• Calculate a base year amount. In this difficult and perhaps impractical method, you attempt to calculate the likely assessed value of the building once the project is completed and fully leased with the help of tax certiorari attorneys, appraisers and consultants. This method includes a good deal of (educated) guess work and uncertainty, not to mention quite a bit of complexity, so it is seldom applied.
    • Randomly select a later base year. This is the simplest method, but it also involves a great deal of uncertainty. Your building will not be fully assessed until the renovations and construction are complete, the building is fully leased and such increased value has been reflected on the appropriate municipal tax records. This approach may be most appropriate with smaller leases and smaller renovation or construction projects and there is usually no interim payment since the base year is generally not pushed back too far.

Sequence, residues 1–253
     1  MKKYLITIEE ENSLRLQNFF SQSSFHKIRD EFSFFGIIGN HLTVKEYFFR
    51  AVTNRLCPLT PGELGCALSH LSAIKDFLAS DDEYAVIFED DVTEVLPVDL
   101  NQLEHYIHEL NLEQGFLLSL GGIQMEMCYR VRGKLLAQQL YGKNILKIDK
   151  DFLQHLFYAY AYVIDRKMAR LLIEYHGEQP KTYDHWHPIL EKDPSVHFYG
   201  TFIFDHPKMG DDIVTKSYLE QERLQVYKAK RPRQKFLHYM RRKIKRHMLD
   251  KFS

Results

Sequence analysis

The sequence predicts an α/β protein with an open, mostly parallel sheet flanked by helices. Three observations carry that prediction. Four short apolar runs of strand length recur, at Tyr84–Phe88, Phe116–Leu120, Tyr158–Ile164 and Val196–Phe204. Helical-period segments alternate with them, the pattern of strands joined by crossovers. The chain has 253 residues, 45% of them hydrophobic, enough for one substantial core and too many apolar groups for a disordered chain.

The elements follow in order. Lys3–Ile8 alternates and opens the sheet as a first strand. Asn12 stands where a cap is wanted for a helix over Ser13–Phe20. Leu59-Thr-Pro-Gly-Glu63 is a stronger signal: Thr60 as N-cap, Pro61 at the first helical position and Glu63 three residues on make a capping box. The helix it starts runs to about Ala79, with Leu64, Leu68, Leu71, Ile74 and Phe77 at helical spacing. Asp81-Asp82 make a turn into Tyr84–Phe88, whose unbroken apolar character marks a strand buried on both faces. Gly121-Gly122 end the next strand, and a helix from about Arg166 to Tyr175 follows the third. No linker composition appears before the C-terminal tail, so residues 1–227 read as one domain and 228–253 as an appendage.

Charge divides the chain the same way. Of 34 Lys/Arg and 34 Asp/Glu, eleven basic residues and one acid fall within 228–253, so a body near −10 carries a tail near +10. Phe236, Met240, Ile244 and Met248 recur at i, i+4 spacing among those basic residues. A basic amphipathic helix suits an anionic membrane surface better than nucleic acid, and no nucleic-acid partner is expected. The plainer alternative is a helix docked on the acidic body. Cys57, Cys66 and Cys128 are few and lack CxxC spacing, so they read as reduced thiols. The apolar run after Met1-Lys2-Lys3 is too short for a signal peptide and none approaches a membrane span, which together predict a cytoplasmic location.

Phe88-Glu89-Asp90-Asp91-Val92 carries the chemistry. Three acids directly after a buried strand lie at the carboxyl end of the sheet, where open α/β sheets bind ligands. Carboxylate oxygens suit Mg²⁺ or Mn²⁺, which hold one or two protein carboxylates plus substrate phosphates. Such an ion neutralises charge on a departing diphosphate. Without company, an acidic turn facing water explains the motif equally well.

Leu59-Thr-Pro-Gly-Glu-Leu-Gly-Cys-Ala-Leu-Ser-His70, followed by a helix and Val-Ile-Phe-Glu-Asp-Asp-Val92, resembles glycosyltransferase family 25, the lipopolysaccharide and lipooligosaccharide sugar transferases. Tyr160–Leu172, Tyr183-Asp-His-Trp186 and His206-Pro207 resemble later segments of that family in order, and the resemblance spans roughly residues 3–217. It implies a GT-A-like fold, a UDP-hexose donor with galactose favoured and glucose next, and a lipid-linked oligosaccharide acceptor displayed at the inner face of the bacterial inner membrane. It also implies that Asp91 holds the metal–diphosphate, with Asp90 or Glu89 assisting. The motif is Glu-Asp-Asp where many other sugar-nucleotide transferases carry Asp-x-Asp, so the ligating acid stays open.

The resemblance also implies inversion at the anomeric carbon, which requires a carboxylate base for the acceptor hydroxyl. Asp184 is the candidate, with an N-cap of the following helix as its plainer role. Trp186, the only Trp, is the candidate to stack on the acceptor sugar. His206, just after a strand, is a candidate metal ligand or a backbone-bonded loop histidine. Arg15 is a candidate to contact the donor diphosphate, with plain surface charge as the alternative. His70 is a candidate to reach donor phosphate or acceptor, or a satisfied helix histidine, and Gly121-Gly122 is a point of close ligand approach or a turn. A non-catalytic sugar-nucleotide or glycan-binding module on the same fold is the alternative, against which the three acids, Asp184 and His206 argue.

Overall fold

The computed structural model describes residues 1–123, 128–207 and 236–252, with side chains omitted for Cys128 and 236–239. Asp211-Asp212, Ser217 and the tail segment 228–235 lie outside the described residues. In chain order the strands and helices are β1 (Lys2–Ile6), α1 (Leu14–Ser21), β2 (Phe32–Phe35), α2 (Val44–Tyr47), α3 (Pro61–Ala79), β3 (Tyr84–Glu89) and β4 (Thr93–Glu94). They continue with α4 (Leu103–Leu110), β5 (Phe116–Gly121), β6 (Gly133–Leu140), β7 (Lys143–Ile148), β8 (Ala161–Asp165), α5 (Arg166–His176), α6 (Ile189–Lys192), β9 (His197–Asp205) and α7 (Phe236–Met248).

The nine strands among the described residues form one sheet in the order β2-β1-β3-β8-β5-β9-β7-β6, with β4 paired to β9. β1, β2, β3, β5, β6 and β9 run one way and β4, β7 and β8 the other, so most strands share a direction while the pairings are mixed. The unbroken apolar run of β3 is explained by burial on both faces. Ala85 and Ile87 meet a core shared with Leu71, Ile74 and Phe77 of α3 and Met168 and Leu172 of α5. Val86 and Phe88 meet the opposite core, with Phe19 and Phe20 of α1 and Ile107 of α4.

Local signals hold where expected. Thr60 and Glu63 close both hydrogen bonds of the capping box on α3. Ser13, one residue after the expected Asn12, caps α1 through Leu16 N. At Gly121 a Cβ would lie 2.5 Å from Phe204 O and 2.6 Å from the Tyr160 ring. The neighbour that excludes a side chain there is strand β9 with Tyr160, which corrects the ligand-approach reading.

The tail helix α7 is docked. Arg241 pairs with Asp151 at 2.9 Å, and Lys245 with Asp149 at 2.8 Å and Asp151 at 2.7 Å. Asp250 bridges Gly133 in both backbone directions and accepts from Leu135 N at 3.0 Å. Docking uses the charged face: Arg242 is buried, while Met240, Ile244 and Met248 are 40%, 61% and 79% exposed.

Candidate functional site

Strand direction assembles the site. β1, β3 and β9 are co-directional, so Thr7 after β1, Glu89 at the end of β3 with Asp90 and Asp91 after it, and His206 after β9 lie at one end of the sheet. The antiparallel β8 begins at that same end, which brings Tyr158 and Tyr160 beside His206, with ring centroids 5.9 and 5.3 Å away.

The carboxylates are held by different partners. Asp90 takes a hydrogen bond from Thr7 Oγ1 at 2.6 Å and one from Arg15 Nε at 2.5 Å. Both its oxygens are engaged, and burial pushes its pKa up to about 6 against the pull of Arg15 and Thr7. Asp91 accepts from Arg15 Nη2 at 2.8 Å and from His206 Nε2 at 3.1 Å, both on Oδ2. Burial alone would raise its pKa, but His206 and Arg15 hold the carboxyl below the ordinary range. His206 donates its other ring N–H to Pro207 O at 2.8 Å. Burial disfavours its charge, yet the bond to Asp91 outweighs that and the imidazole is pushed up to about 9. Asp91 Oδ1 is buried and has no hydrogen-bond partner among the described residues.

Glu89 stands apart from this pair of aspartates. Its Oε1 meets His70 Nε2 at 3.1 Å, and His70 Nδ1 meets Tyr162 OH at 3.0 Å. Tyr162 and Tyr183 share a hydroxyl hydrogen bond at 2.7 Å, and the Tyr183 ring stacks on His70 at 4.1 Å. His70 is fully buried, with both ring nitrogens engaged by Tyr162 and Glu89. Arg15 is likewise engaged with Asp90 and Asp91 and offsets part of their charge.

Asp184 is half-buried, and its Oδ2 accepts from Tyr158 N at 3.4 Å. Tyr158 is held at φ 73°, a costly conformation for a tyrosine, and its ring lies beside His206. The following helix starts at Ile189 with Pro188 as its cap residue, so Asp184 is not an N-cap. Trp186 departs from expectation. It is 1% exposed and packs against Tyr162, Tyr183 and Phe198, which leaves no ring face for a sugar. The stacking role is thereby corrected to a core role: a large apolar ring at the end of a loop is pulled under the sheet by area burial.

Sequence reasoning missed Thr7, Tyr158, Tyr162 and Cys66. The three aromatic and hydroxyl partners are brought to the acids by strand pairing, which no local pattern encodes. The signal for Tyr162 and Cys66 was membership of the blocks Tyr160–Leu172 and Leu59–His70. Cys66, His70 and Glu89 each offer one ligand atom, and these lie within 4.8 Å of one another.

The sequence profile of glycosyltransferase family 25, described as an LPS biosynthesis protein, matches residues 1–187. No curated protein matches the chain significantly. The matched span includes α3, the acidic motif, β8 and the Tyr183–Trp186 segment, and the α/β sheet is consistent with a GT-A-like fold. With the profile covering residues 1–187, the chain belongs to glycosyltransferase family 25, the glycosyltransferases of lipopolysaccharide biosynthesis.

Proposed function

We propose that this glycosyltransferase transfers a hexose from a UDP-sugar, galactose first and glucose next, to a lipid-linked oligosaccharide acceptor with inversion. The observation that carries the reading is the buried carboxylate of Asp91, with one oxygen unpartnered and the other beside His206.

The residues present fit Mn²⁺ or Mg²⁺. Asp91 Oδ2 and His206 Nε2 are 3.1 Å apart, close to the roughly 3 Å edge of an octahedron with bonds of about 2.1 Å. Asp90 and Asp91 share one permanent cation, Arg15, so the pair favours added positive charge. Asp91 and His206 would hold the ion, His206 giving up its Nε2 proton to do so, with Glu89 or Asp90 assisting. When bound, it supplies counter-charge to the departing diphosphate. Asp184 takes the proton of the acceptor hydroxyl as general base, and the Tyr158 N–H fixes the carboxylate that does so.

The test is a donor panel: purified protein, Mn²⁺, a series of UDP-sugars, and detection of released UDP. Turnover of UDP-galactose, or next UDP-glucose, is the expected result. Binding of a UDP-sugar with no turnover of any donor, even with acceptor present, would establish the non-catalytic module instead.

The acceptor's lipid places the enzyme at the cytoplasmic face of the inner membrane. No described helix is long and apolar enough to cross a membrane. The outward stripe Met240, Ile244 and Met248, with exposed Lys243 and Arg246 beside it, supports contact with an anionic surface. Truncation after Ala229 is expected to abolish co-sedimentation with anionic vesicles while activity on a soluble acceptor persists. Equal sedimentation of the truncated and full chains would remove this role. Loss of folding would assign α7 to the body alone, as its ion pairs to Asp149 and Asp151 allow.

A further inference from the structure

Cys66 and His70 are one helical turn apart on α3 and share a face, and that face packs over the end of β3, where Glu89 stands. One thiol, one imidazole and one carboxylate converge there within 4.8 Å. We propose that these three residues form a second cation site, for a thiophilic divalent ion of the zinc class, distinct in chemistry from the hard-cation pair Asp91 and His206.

• Select an even later base year with an interim payment. This is a corollary of the method immediately above, in which a later base year is selected (usually quite a bit later) and in the interim you pay an agreed upon amount per rsf based on historical or estimated real estate tax escalations. Once the base year is reached, you pay an amount equal to the excess over the base year plus the aggregate payment for the year immediately preceding the base year. The accuracy of this method depends on your ability to properly set the interim payment which will again be something of an (educated) guess, but if the base year is pushed out long enough you should be able to avoid worst case scenarios.